Appellant also asserts that applying the 2005 amendments to him violates the Texas constitutional prohibition against retroactive laws. Appellant argues that, prior to 2005, he had a substantial, vested right to be free of the sex-offender registration requirements. He suggests that we adopt the three-part test formulated by the Supreme Court of Texas for determining whether a statute is unconstitutionally retroactive. Robinson v. Crown Cork & Seals Co., 335 S.W.3d 126, 145 (Tex.2010). The test looks at “the nature and strength of the public interest served by the statute as evidenced by the Legislature's factual findings; the nature of the prior right impaired by the statute; and the extent of the impairment.” Id. Appellant asserts that these factors make it clear that applying the registration requirement to him is unconstitutional. Finally, Appellant contends, based on Robinson, that the court of appeals's reliance on the police-power exception in upholding his duty to register was error because an exception to retroactivity must be compelling and clearly established rather than justified by necessity alone or simply likely to do more good than harm. Id.

The State argues that the 2005 amendments apply to Appellant and that his conviction for failing to register is valid. The State asserts that the plain text of the transition clause makes clear that Appellant is not exempt from the requirement to register. Further, deleting the exemption and mandating uniform registration for all offenders is in line with the Legislature's stated intent to simplify and clarify the statute which had become overly complex. The State contends that the uncodified “savings clause” in the 1997 statute was eliminated by the 2005 amendments because the provision that the clause accompanied, article 62.11, was eliminated. Holding otherwise, the State argues, leads to the absurd result of every savings clause that has accompanied a repealed statute remaining in effect unless the Legislature clearly dictated differently.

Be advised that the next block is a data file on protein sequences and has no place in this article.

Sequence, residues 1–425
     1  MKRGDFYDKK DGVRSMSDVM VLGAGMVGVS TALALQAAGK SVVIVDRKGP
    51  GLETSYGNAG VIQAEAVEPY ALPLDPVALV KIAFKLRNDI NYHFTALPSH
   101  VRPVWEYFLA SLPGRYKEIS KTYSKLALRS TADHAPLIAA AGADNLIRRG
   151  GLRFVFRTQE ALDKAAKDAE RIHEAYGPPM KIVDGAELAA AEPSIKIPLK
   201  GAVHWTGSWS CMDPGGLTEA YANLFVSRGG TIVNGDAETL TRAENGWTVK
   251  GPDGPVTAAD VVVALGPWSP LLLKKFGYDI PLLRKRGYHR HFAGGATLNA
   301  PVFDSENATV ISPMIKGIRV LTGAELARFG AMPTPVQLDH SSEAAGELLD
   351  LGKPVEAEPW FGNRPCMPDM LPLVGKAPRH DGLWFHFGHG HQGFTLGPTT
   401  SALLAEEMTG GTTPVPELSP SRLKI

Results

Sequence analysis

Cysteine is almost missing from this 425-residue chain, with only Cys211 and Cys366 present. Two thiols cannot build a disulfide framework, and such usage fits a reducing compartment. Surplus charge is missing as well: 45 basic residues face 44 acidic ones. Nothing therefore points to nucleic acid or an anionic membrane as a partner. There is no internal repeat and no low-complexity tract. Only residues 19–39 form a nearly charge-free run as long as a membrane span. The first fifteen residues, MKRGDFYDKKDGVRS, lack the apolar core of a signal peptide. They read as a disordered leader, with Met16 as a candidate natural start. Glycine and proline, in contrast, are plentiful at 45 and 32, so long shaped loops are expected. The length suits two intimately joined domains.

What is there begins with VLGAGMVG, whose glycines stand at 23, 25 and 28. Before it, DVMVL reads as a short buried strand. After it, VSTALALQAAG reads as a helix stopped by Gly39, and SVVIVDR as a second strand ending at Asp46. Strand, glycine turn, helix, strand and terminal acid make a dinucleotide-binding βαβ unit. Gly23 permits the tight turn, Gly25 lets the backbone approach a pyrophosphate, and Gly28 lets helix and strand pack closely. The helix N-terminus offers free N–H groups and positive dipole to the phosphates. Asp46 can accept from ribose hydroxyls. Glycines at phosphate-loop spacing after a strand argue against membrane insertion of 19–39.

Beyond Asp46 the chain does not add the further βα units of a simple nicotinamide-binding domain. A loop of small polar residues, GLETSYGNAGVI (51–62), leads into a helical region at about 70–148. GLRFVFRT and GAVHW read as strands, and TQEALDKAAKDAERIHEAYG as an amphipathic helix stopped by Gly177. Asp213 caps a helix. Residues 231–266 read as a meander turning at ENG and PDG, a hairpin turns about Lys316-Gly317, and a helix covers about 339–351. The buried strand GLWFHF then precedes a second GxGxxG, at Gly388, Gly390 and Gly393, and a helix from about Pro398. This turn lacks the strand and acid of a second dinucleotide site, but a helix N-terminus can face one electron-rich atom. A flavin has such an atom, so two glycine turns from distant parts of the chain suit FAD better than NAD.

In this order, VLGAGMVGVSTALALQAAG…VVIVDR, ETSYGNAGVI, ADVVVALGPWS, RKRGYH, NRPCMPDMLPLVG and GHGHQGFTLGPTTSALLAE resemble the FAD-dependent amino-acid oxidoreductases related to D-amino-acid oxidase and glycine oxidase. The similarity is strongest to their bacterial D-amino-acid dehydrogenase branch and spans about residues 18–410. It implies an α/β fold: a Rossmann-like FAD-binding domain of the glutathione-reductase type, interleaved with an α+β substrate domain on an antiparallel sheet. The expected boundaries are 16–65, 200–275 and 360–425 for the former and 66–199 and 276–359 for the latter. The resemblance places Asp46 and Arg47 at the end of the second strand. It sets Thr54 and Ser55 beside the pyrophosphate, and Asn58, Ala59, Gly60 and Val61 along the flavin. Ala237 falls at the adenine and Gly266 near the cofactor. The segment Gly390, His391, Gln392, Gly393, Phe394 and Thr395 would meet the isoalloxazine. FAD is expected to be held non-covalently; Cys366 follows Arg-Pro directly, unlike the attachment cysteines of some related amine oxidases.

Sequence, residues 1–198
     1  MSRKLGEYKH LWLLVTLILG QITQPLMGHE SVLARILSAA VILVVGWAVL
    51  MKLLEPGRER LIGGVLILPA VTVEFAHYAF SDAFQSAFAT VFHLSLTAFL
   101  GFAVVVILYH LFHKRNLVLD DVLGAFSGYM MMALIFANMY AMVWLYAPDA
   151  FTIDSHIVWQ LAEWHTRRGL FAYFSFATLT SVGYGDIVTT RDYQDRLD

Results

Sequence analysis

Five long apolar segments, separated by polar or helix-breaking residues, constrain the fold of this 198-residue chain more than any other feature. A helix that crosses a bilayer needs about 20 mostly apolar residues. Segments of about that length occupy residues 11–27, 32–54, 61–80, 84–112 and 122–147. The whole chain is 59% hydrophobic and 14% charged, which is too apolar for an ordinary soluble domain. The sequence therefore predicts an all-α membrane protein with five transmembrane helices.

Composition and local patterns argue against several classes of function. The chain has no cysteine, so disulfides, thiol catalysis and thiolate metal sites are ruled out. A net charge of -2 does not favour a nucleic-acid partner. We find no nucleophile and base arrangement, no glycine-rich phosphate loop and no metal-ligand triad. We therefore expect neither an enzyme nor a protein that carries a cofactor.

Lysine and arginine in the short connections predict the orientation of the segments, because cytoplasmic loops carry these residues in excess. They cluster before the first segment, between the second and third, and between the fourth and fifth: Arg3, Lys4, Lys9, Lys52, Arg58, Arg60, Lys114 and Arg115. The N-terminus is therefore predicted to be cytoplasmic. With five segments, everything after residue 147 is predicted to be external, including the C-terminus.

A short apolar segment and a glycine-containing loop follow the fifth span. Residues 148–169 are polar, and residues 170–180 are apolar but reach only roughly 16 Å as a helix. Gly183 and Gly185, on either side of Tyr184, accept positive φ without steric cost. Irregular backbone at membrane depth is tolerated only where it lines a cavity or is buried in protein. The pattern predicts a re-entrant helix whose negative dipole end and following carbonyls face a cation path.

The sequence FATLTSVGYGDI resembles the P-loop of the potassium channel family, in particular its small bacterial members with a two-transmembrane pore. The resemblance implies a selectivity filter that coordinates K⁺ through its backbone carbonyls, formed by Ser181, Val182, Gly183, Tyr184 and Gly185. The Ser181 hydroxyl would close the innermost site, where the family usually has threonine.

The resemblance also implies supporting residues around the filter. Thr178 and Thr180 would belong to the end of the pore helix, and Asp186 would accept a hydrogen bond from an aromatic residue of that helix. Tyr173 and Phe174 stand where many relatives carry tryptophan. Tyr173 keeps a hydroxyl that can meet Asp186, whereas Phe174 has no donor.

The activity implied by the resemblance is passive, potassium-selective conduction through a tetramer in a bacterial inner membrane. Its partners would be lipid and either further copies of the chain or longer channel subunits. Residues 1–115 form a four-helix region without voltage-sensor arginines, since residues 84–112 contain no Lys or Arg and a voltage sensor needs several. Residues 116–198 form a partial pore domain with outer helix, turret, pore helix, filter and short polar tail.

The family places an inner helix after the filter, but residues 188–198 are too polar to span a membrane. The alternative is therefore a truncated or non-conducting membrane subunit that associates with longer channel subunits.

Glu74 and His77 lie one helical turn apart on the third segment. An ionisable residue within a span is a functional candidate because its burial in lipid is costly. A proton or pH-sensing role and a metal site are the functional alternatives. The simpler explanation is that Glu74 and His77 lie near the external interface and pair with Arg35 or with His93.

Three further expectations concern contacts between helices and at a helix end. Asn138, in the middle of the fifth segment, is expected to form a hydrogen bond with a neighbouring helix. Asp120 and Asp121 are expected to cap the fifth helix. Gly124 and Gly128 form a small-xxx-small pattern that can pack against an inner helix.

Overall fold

The State goes on to point to the 2003 amendments of article 62.01(5) to demonstrate the meaning of the “subject to” phrase in the 2005 transition clause. The 2003 amendments added foreign convictions to the list of reportable offenses and had an applicability clause that specified that the change “applie [d] to a person subject to registration under Chapter 62.” Act effective September 1, 2003, 78th leg., R.S., ch. 1005, §§ 8, 12. The State points out that if the “subject to” phrase functions as Appellant suggests, the addition of foreign convictions in 2003 would have had no effect because individuals with those convictions had not previously been subjected to the registration requirement. Finally, the State argues, because the purpose of transition provisions is to help avoid the shock that can result from changing law, one was included in the 2005 amendments to put those who were not previously required to register on notice that the law may now require registration.

The State believes that Appellant's second issue should be remanded because the court of appeals failed to determine whether the complaint was properly preserved. In the alternative, the State disputes Appellant's contention that the 2005 amendments violate the prohibition on retroactive laws. The State asserts that Appellant's exemption was not a vested, substantive right because registration is a procedural regulation rather than a punishment, making it beyond the purview of the retroactive law prohibition. Further, the State argues that choosing to adopt the three-factor test from Robinson would still result in a finding that the registration requirement is constitutional because it is a reasonable use of police power that causes no substantial impairment of a right.


On appeal, the court considered the applicability of the registration requirement to Appellant, the constitutionality of its retroactivity, and whether there was sufficient evidence to refute his defense of mistake of law. See Reynolds, 385 S.W.3d at 95–101. In its decision, the court of appeals asserted that the plain language of the transition clause indicates that Chapter 62 and the 2005 amendments to it were applicable to Appellant because he had a reportable conviction after September 1, 1970. Id. at 98. The court of appeals also looked to our opinion in Ex parte Harbin, 297 S.W.3d 283, 286 n. 5 (Tex.Crim.App.2009), in which we stated in a footnote that, because the Legislature made no indication of wishing to retain the uncodified portion, and because the “savings clause” is inconsistent with the amendments, “the uncodified portion has effectively been repealed.” Id. at 98–99. The court of appeals determined, therefore, that the “savings clause” was effective only from September 1, 1997 to August 31, 2005 and that Appellant had a duty to register under Chapter 62. Id. at 99.